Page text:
Boston Comic Con isn’t one of your better-known cons, like SDCC or NYCC—heck, I live just north of Boston and I never heard of it until last year—but if you’re in the area, this year’s show looks like a pretty good bet, with guests like Darwyn Cooke, Frank Quitely, and Joe Kubert.
Right off the bat, BCC is better than 90 percent of comic cons because it is not in some sterile, isolated convention center. You know how you have to walk a mile from the Javits to get a reasonably priced sandwich? No problem here; the Hynes Convention Center is conveniently attached to a mall, and it’s located in the heart of the Back Bay, which is chock full of great little restaurants, funky boutiques, and bars with atmosphere. I used to live in the neighborhood, and it’s still one of my favorite places to go. When you’re at the Hynes, you know you’re in Boston.
Another nice thing about a small con is that conflicting panel times won’t drive you crazy; the panel schedule (warning: PDF) has only one strand, so if you want to see Stan Sakai, Darwyn Cooke, and Terry Moore speak, you don’t have to be in three places at once. Just stay in your seat.
And there will be interesting things to see and to buy! Sam Costello will be debuting the latest volume of his Split Lip horror comic, complete with a back cover blurb from me! Anthony del Col and Andy Belanger, two of the creators of Kill Shakespeare, will be there with an “exclusive digital promotion” as well as the news that they just got some financing to develop a film script based on the property. The Artists Alley lineup includes Thom Zahler (Love and Capes), Tak Toyoshima (Secret Asian Man) and a panoply of Boston-area talent. I just hope the show doesn’t get too successful, or they’ll move it to Boston’s own sterile, out-of-the-way convention center and it will lose much of its charm.
Comic strips | Scott Adams’ Dilbert is moving to Universal UClick after two decades with United Feature Syndicate. The news doesn’t come as a big surprise, as it was announced more than three months ago that Peanuts would make the same move in February. Both properties are represented by Peanuts Worldwide. UClick will begin management of Dilbert.com on Saturday, with print syndication to follow in the summer. Dilbert will join a lineup at the syndicate that includes Doonesbury, Calvin and Hobbes, Garfield and Ziggy. [press release]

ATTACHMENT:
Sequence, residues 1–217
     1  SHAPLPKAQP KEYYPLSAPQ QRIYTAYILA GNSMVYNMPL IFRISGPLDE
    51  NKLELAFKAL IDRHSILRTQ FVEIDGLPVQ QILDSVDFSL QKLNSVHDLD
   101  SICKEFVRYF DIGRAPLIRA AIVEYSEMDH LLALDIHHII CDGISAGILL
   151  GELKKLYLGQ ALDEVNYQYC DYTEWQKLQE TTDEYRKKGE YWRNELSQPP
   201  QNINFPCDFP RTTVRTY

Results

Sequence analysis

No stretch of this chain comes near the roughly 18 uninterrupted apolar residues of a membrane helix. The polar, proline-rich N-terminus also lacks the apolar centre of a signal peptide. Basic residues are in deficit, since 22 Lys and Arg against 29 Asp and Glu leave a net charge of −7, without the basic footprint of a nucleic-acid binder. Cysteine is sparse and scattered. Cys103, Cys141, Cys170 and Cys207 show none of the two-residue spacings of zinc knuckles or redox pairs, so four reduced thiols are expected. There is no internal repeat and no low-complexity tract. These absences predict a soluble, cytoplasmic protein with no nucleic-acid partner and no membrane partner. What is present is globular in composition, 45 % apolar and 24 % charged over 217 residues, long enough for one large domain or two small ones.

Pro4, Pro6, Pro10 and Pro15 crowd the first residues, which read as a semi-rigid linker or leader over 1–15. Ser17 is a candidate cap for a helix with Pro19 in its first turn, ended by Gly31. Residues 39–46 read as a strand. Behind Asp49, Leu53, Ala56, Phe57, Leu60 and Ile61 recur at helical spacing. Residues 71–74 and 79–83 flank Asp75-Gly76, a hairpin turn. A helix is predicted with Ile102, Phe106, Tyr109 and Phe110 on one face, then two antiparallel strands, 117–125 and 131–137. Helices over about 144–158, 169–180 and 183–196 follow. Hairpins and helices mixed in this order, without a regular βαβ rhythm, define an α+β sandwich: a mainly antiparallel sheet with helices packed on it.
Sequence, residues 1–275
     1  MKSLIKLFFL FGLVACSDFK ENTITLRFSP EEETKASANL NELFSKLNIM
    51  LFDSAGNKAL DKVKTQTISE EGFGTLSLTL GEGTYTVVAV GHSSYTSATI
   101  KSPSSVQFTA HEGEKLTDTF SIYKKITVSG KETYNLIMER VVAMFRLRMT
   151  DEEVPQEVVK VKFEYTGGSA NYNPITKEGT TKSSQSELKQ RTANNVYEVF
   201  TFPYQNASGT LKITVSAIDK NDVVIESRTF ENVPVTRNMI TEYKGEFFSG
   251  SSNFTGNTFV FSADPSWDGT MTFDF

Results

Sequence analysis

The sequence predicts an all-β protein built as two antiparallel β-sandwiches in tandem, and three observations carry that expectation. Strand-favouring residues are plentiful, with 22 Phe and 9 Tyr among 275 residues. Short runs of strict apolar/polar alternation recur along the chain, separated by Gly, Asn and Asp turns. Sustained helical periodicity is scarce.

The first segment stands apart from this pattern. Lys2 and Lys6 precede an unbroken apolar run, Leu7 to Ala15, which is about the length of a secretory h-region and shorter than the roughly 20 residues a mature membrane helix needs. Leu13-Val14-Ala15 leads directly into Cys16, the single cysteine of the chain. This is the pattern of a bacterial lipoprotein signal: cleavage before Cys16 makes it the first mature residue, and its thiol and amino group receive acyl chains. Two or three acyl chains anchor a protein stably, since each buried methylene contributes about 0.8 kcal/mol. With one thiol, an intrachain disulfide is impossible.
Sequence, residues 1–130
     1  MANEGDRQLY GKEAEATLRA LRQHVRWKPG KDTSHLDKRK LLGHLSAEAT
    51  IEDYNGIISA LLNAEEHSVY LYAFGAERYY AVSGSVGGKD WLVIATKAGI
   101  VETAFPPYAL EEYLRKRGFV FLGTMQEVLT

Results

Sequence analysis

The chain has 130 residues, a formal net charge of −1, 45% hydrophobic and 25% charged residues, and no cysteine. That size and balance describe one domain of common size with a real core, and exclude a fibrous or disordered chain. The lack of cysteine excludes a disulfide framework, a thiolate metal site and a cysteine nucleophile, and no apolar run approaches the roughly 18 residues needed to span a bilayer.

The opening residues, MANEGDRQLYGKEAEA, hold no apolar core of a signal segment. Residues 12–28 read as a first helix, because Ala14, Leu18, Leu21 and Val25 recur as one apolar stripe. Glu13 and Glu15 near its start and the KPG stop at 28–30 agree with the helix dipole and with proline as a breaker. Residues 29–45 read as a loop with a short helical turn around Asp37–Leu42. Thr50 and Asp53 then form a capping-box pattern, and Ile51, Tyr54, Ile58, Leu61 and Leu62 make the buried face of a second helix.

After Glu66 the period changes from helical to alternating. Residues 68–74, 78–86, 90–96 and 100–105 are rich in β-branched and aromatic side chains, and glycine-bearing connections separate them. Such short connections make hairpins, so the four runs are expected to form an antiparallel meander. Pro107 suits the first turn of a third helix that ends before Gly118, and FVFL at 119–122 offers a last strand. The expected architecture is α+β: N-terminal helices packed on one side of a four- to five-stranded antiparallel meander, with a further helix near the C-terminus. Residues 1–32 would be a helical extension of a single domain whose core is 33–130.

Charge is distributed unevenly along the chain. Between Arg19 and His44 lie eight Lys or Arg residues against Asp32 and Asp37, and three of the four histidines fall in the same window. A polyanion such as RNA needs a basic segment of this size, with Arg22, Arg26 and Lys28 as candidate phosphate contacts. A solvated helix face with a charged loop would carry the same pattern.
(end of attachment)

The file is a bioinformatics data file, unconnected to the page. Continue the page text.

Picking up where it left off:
Comic strips | Writer Mary Schmich and artist June Brigman discuss the end of Brenda Starr, whose final strip runs on Sunday. “(Brenda) is a continuity strip, like a soap opera. Those have been dropping like flies,” Brigman says. “It is amazing she has lasted. It’s not a laugh-a-day strip. It requires some effort, like reading the paper every day.” [Boston Herald]
Retailing | Gendy Alimurung chronicles the final days of the Borders Books and Music location is Los Angeles’ Westwood neighborhood: “The protracted demise is helping [12-year employee Camilla] Ostrin gradually acclimate to her new reality, at least. Empty bookshelves are the saddest part. She’s used to seeing them full. Customers likely would agree; they don’t seem to understand that the store isn’t being restocked, that the new Obama calendars aren’t coming in, or that once the Paperchase journals are gone, they’re gone.” [LA Weekly]